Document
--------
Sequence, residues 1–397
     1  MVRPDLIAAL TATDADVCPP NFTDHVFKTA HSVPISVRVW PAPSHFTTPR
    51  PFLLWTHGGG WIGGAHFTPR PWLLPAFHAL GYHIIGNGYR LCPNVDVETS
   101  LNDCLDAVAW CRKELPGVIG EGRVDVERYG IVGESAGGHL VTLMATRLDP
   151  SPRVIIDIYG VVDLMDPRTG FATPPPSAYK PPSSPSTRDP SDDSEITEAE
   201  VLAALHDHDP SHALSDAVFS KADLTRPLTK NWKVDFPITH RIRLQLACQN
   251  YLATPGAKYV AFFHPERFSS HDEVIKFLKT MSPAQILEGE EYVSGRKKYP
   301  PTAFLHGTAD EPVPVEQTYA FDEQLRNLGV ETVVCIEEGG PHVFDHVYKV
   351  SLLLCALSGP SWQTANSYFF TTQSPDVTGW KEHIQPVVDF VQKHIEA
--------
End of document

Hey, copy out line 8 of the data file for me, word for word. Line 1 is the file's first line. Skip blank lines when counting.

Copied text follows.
   301  PTAFLHGTAD EPVPVEQTYA FDEQLRNLGV ETVVCIEEGG PHVFDHVYKV